Lisa Hirsch's Classical Music Blog.
The iron tongue of midnight hath told twelve. Lovers, to bed; 'tis almost fairy time.
Opinions expressed on this blog are mine and not my employer's.
They all look alike?
No. They don't.
On a related subject, does anyone else think it weird to call this piece the "Great Symphony"? For most of my lifetime, and for long before that, it was the "Great C Major" symphony, which distinguished it from Schubert's #6, the "Little C Major". The adjective "Great" referred primarily to its length and secondarily to its majesty. "Great Symphony" a la "New World Symphony" or "Sea Symphony" sounds pretentious and wrong. I think Schubert would be appalled.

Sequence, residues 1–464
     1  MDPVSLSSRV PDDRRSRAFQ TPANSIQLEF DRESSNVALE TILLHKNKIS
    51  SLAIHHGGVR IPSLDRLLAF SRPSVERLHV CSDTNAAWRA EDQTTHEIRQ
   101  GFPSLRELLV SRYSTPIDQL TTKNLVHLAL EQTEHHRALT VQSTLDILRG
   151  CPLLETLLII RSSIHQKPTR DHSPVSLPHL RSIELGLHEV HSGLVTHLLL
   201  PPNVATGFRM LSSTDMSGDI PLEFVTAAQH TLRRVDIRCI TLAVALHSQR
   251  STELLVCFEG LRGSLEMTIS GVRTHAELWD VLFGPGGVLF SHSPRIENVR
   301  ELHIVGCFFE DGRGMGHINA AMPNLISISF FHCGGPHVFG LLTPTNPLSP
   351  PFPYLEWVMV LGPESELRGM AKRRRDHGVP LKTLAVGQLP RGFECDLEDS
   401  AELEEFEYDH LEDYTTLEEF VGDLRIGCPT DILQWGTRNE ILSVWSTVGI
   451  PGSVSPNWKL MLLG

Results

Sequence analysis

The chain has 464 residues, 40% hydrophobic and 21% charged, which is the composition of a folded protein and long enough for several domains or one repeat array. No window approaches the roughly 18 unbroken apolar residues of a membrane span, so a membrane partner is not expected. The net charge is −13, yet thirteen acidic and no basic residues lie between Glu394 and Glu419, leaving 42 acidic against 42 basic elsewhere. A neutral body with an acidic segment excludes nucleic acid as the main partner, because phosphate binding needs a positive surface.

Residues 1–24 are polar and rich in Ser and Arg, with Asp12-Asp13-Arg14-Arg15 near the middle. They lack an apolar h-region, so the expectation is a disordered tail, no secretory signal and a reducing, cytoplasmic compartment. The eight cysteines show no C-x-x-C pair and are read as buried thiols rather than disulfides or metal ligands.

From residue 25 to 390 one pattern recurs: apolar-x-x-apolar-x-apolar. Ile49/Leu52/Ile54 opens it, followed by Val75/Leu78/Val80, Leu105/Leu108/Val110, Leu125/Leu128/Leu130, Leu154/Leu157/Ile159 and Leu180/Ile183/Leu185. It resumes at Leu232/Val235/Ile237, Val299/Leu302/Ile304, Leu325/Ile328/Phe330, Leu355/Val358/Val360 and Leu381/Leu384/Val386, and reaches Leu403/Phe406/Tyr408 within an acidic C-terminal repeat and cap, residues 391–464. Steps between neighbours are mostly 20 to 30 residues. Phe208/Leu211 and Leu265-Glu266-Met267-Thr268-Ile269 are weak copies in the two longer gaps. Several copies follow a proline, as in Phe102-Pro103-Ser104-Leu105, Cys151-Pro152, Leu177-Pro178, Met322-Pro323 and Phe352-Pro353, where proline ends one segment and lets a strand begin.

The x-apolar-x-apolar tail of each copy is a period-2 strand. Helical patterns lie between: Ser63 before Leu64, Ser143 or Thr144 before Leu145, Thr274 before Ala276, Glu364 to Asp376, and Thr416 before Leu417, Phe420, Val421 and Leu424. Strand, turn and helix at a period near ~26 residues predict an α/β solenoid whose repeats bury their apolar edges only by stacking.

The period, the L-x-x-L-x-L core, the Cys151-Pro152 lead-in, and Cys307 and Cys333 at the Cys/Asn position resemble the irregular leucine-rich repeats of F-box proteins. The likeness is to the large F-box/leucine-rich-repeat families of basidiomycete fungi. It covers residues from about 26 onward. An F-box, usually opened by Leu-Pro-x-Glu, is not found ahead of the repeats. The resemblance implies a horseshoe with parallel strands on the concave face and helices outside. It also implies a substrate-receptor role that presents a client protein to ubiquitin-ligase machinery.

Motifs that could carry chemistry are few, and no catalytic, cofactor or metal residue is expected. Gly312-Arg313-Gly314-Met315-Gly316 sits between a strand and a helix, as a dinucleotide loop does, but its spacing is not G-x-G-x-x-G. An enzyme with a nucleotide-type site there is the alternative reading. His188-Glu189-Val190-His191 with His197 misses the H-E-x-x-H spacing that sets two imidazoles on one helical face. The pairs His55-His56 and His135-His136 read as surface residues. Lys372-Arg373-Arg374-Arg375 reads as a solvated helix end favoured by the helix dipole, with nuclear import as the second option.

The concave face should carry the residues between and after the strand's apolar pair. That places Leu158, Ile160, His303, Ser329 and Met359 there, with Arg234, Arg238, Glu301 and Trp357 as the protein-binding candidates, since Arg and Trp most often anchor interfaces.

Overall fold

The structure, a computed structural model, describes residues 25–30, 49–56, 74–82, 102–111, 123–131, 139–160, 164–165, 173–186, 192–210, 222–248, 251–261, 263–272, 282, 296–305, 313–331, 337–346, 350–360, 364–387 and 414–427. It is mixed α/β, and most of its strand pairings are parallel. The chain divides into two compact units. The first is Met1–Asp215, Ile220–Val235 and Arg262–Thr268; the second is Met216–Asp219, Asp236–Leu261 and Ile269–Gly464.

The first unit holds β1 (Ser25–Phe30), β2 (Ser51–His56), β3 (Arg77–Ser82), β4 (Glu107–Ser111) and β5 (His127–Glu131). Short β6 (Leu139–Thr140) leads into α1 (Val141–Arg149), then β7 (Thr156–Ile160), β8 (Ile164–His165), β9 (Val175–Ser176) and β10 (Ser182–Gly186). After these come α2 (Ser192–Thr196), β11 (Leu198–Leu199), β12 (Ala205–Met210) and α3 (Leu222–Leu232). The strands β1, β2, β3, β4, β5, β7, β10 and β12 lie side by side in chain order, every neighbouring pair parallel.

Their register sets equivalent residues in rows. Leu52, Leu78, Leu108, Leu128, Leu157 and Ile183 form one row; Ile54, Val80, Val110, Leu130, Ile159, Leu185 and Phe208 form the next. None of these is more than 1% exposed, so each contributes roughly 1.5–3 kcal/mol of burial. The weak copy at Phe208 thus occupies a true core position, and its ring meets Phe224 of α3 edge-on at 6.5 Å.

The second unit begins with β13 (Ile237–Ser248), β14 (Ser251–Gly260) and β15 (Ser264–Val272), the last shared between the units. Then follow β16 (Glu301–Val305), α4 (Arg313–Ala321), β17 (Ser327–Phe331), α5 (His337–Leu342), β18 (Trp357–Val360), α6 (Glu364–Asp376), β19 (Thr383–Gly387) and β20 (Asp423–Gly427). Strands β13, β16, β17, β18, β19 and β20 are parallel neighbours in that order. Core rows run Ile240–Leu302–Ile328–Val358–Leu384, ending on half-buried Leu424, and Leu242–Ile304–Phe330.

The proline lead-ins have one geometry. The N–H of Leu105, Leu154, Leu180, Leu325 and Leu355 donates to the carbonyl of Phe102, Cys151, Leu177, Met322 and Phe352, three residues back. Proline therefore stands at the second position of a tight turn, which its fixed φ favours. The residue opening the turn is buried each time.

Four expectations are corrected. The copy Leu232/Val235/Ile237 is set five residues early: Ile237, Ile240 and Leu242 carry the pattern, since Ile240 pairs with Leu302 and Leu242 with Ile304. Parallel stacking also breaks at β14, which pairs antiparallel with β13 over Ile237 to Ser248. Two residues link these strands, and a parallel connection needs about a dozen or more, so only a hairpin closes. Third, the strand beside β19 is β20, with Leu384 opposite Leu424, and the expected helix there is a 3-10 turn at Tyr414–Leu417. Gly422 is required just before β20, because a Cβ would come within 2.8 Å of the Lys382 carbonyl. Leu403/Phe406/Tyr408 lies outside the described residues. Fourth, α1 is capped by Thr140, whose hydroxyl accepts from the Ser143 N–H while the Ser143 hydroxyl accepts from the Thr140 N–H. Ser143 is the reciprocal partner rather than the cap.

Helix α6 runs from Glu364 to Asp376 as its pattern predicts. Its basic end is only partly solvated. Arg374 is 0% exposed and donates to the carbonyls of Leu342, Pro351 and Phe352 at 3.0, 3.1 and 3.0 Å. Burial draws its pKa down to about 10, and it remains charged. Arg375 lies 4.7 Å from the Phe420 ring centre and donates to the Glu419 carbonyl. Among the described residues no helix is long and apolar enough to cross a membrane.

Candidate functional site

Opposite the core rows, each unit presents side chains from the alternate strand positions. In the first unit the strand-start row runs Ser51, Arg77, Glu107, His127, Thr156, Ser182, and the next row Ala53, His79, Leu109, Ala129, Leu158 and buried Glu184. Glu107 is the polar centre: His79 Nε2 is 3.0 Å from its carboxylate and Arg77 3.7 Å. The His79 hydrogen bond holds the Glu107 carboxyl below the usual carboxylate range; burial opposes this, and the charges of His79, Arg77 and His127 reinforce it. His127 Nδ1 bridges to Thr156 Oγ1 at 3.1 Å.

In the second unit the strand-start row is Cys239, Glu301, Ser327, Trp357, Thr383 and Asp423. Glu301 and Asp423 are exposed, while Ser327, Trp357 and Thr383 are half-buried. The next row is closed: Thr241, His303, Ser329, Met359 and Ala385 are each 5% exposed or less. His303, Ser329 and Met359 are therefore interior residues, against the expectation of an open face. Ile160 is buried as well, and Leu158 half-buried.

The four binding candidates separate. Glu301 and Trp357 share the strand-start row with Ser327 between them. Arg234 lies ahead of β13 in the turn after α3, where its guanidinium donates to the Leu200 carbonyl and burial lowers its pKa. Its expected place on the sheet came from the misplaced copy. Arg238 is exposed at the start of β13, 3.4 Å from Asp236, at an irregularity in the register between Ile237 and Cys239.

I'm with you, Tod: it's nuts. I also believe "Great C Major" is to distinguish it from the "Little C Major."I did find that Schubert told someone in a letter that he was working on a "grosse sinfonie" (a grand or large symphony), but I'm sure he just meant big or long, not "Great Symphony," as it were.
The mangling of the Schubert work's nickname bothered me more than the wrong photo did.In Schubert's day, "grosse Sinfonie" was a genre designation. It wasn't the proper name of a work any more than "grand opera" meant the name of the piece was "Grand".
Post a Comment